← Back to Insights

UK watchdog beefs up climate-related disclosures

21 December 2021

As the FCA’s revamped regulatory framework comes into force to improve climate change transparency, Apex Group looks at the key changes that firms need to consider

Like many other countries, the UK has been increasing disclosure of the risks and effects of climate change to promote sustainability across the financial chain and support its ambition to become a net-zero economy by 2050.

This is part of the government’s commitment to introduce mandatory disclosure obligations across the economy by 2025, aligned with the Task Force on Climate-related Financial Disclosures (TCFD). In December 2021, the Financial Conduct Authority (FCA) revealed its final rules (PS21/24) that require asset managers, life insurers, and FCA-regulated pension providers to disclose against the TCFD framework.

A new ESG Sourcebook

The mandatory disclosures, which will be required on an annual basis at both an entity and product level, were introduced via a new ESG Sourcebook to the FCA Handbook on 1 January 2022.

Firms must publish an annual TCFD entity report in a prominent area on their main website, explaining how they take climate-related matters into account when managing or administering investments. They must also include a statement to confirm their compliance with the rules.

Disclosures on products and portfolios, including a core set of climate-related metrics, must be made public on the company’s main website and be included in client communications. Disclosures should also be given to eligible institutional clients upon request.

After consulting the industry on its proposed rules last year, the FCA has made some important changes in the final version. For example, the watchdog will not require firms to disclose information on metrics or quantitative scenario analysis if it is not possible to address data gaps or methodological challenges through proxies and assumptions, or if doing so would create misleading disclosures.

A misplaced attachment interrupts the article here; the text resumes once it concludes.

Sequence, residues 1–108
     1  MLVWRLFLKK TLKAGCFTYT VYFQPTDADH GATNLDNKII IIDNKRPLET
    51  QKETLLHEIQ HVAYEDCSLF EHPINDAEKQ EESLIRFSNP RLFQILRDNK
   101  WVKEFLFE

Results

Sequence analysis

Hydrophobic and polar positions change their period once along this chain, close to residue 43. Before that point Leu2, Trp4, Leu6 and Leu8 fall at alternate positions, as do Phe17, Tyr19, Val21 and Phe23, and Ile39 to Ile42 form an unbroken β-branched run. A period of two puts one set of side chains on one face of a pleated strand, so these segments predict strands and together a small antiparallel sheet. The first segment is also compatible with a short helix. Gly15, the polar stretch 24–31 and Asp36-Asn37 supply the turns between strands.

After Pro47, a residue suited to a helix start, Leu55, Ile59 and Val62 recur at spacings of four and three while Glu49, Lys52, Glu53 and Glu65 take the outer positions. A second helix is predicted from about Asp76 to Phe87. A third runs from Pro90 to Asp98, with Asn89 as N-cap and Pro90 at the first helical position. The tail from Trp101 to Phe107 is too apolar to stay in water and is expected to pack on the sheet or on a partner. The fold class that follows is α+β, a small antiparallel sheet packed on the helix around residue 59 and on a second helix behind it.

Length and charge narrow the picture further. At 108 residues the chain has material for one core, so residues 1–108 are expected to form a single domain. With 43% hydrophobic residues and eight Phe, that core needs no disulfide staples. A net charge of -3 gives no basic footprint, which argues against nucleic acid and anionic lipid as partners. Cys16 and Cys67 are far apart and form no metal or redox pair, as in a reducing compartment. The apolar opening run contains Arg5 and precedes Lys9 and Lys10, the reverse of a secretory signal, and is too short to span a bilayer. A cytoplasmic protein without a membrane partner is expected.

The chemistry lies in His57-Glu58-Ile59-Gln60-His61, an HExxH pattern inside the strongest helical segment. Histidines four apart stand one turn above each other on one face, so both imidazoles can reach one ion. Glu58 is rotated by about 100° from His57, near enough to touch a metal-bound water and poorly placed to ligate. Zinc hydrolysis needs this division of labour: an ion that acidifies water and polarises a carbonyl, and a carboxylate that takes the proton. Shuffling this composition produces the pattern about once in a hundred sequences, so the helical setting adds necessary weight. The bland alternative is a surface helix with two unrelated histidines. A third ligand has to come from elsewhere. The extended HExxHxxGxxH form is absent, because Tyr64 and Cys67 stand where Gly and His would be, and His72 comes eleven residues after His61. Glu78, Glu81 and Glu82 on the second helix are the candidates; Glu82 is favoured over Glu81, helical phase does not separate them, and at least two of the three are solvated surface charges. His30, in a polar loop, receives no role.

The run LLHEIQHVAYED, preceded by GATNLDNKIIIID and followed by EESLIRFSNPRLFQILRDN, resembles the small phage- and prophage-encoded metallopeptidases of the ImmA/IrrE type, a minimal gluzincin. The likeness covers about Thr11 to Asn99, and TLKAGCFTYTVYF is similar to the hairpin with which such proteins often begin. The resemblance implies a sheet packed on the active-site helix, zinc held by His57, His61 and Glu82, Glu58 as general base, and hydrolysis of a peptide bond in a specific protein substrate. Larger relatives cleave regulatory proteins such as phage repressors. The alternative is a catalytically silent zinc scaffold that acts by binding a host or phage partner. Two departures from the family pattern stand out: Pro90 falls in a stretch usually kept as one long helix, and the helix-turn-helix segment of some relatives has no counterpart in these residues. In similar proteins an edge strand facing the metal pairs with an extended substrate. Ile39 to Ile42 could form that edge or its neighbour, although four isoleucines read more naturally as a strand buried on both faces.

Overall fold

However, firms must explain why they cannot disclose and what steps they will take to improve transparency.

Asset management firms with over £50 billion in assets under management (AUM), and FCA-regulated asset owner firms with over £25 billion, must comply with the rules from January 2022, while smaller entities have an additional year. The first public disclosures must be made by 30 June 2023.

The FCA says the exemption for asset managers and asset owners with less than £5 billion will be reviewed after three years. The £5 billion threshold will be calculated on a three-year rolling average basis, assessed annually, for both AUM and assets under administration.

Extension to standard-listed companies 

Also, on 1 January 2022, the FCA extended its climate-related disclosures, which have applied to premium-listed companies since January 2021. In a policy statement (PS21/23), the watchdog says these rules now apply to issuers of standard-listed shares and global depositary receipts representing equity shares, as well as standard-listed issuers of shares other than equity shares.

These standard-listed companies must state in their annual financial report whether they have made disclosures consistent with the TCFD’s recommended disclosures. If they have not, they must explain why and set out any steps they are taking, or plan to take, to be able to make consistent disclosures in the future.

If disclosures are included in another document different to the annual financial report, companies must explain why and where the document can be found.

The rules apply to firms with accounting periods beginning on or after 1 January 2022, which means that the first annual financial reports under the new regime will be published in early 2023. Issuers do not have to seek third-party audit or assurance of their TCFD disclosures under the FCA’s rules.

The watchdog is also encouraging listed companies to consider the Sustainability Accounting Standards Board’s (SASB) metrics when making their disclosures.

A trusted ESG expert can help

Complying with these new regimes will be challenging and require expertise in environmental issues, ESG regulatory guidance and data gathering.

At Apex Group, we offer a broad range of services that can help asset managers, asset owners and standard-listed companies comply with the FCA’s new TCFD disclosure rules. From ESG compliance advisory to policies and procedures, carbon footprint, training, and financial promotions servicing, our services can help firms with all their needs.

Find out more about our ESG services by contacting us here.

Get in touch with our team

Contact Us